- was any such threat imminent or serious
- was the alleged danger present on the date of the appellant's work refusal
 After reviewing the facts established in the evidence with respect to what occurred on January 31, 2018, and October 14, 2017, respectively, the respondent submits that Mr. Hassan clearly exaggerated the severity of the actions towards him.
 The respondent notes that the appellant made several references to the employer's failure to accommodate him to be away from Mr. Chahal and to properly investigate his workplace violence complaint. The respondent submits that the issue of whether the employer failed to accommodate the appellant or contravened the provisions of the Code in relation to the investigation of his complaint is not properly before the appeals officer. The respondent disputes that it failed to accommodate the appellant or that it contravened the Code, and argues that these allegations should only be considered in the context of whether Mr. Hassan was facing a danger at the time of his refusal, i.e. whether the presence of Mr. Chahal on January 31, 2018, presented a danger to Mr. Hassan (Correctional Service Canada v. Ketcheson, 2016 OHSTC 19).
 The respondent further submits that the test to make a determination of danger is an objective test and this is particularly important where the condition alleged to present a danger is workplace violence and/or harassment (Via Rail Canada Inc. v. Cecile Mulhern and Unifor, 2014 OHSTC 3). There is no evidence that the appellant was objectively exposed to a condition that could reasonably be expected to be an imminent or serious threat and cause injury or illness to the appellant. The evidence shows that the interaction was mere seconds, that no words were exchanged, and that no physical contact was made. The interaction was in a public location in the workplace.
 The employer submits that a "sneer", on its face, cannot reasonably be expected to cause harm, injury or illness to the appellant. Counsel acknowledges that the interaction on January 31, 2018, must be examined in light of the previous interaction between the two persons on October 14, 2017, and expresses no doubt as to the sincerity of Mr. Hassan's feelings towards Mr. Chahal and how he felt on the day of the refusal. Even in light of this background, on its face, the alleged condition could not reasonably be expected to cause injury or illness to the appellant. According to the employer, the preponderance of evidence indicates that the incident of October 14, 2017, was not an assault, nor workplace violence. In particular, it is noted that even the formal investigation into the incident found that the claim of workplace violence was unsubstantiated and the WSIB denied the appellant's claim for psychological trauma allegedly resulting from that incident. The respondent concludes that the WSIB finding that any psychological harm experienced by the appellant is not caused by a workplace condition is binding on the appeals officer.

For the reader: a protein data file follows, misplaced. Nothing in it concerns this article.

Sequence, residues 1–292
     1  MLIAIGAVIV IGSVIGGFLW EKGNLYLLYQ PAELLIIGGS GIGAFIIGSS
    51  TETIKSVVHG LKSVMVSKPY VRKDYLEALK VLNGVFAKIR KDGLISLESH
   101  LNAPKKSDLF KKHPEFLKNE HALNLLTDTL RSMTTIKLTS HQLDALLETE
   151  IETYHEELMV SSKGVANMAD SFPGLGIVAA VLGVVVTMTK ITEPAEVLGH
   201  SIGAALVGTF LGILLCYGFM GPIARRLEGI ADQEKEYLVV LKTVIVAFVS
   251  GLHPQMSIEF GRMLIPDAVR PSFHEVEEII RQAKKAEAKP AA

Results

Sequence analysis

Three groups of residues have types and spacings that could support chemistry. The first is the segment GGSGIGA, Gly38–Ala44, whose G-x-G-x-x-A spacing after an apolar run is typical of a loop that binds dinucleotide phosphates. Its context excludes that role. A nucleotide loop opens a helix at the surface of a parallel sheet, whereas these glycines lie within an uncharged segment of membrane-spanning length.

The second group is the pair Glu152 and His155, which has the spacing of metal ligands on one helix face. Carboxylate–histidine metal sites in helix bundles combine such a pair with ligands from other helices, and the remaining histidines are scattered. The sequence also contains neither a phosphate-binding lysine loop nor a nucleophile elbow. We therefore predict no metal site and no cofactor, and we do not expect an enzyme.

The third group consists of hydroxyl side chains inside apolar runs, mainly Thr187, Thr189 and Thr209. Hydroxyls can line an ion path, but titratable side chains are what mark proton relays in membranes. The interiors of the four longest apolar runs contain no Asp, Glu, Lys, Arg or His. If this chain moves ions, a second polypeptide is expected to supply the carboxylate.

Regardless, the evidence shows that the employer met with the appellant and Mr. Chahal to discuss and review the incident. The evidence further shows that Mr. Burnette took steps to follow up with the other OC Transpo departments who were in involved with the incident, including TOCC and Dispatch. The evidence shows that Mr. Burnette met with the appellant to discuss these results and that the appellant did not object to the employer's response to the incident at the time, nor upon his return to work January 31, 2018. Accordingly, the employer considered the matter resolved.
 The respondent also submits that there is no medical evidence supporting the claim that it was dangerous for the appellant to be in the presence of Mr. Chahal, which is the foundation of the appellant's refusal. To establish that a condition was a threat to an employee's health, the jurisprudence before this Tribunal is clear that an employee must provide medical evidence supporting that there was a danger to the employee's health. This is consistent with the requirement that a finding of danger be based on objective, rather than subjective, evidence. This evidentiary requirement is particularly important in cases such as this, where the alleged threat to the employee's health appears to be based on an individual experience and relating to the employee's mental health (Nina Tryggvason v. Transport Canada, 2012 OHSTC 10).
 The respondent reviews the concepts of "imminent" and "serious" threat as discussed by the appeals officer in Ketcheson and submits that the evidence did not establish that the employee was exposed to a situation that could cause him serious or imminent harm.
 Finally, the respondent submits that in any event, such alleged danger did not exist at the time of the work refusal, on February 5, 2018, and the appeal could be dismissed solely on that ground. Firstly, the appellant was scheduled to return to his regular duties as bus operator on that date, and not to the Pinecrest garage, where the alleged danger existed. Secondly, in the appellant's own words, he was cleared to return to full duties, including seeing Mr. Chahal, after February 3, 2018, as he acknowledged in an email dated March 15, 2018. Consequently, even if the appellant's claim of danger to his health caused by the presence of Mr. Chahal was to be accepted, any such danger no longer existed at the time of his refusal.